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Old 02-01-08, 09:55 PM   #1
1-track-mind
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Jamis Coda

Since I am only doing 1-2 week tours, pulling a trailer, once a year, I'm not sure I need to sink 1K into a LHT.
The Jamis Coda looks adequate for my needs. Has anyone toured with these ?

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Old 02-02-08, 08:36 AM   #2
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Since I am only doing 1-2 week tours, pulling a trailer, once a year, I'm not sure I need to sink 1K into a LHT.
The Jamis Coda looks adequate for my needs. Has anyone toured with these ?
Well, I've never done extensive touring on mine, but I have done some pretty long rides. Mine is tricked out with a Girvin Flexstem, which although a bit unstable, absorbs rode bumps like you wouldn't believe. I wish they still made them....

The only problem I have with my Coda is the flat bar. On long rides, the lack of hand positions makes my hands go numb (even with gloves), and even though I added bar ends, that still doesn't help very much. I would highly caution AnYbOdY against doing a long tour with flat bars. Just my opinion.

Everything else about the Coda is perfect for touring...unless you're gonna be doing lots of loaded touring with steep hills. In that case, the road triple (52/42/30) probably won't give you a low enough granny gear. I love my Coda, but am in the process of upgrading to an Aurora or Aurora Elite...
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Old 02-02-08, 09:13 AM   #3
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I considered buying one and fit the same criteria as you. My concerns were the wheels and tires; having been a victim of broken spokes on not quite tour ready wheels while out on tour. If you need to get a better rear wheel at least, add the cost in when you are comparing bikes. Plus, will you be happy all day on 28mm tires all day?
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Old 02-02-08, 09:34 AM   #4
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coda

I believe the base Coda is 48/38/28. The Coda Sport and higher is 52/42/30... At least, that's how it was in 2006 - the model year mine is from...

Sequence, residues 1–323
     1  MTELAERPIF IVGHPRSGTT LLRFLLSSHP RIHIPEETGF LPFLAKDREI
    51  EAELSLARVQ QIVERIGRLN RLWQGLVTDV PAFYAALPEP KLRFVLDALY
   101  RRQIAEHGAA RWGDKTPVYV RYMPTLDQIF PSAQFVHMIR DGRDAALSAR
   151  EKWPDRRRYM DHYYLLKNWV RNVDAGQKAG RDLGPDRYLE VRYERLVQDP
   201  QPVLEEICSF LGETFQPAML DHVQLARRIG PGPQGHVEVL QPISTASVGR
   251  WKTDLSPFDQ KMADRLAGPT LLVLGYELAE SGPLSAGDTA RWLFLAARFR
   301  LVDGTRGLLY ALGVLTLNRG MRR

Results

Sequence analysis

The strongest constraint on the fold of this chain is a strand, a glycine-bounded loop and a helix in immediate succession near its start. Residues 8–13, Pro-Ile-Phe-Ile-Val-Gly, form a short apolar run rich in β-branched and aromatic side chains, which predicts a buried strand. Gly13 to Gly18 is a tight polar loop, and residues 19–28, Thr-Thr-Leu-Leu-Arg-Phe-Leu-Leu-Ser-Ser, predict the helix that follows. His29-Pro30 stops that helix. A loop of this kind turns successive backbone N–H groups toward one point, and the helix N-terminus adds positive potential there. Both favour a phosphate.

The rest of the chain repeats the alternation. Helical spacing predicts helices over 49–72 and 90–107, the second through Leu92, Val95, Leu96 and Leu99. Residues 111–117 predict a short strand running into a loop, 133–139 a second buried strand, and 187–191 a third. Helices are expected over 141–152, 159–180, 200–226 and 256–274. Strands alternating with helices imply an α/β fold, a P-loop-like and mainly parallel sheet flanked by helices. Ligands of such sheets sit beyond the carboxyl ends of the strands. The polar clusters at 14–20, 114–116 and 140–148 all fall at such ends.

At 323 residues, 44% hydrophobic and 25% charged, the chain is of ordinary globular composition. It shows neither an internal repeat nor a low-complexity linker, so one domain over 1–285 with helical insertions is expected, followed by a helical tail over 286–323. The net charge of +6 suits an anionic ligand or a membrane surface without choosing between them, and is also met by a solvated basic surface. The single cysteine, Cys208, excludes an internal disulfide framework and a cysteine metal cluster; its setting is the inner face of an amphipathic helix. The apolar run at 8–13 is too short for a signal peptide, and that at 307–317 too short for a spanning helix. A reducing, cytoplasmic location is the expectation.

I have the base model and I think it would work fine for touring, and in fact I'm planning to use mine as a touring bike. I bought a pair of trekking bars to add more hand positions, and I might swap the wheels/tires. (I have another bike without wheels, so I need to buy a set of wheels anyway).


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Well, I've never done extensive touring on mine, but I have done some pretty long rides. Mine is tricked out with a Girvin Flexstem, which although a bit unstable, absorbs rode bumps like you wouldn't believe. I wish they still made them....

The only problem I have with my Coda is the flat bar. On long rides, the lack of hand positions makes my hands go numb (even with gloves), and even though I added bar ends, that still doesn't help very much. I would highly caution AnYbOdY against doing a long tour with flat bars. Just my opinion.

Everything else about the Coda is perfect for touring...unless you're gonna be doing lots of loaded touring with steep hills. In that case, the road triple (52/42/30) probably won't give you a low enough granny gear. I love my Coda, but am in the process of upgrading to an Aurora or Aurora Elite...
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Old 02-02-08, 09:38 AM   #5
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With a sub $500 pricetag, I could certainly afford new wheels,wider tires,smaller chainring and trekking bars, but then you are probably getting close to the price of a Aurora.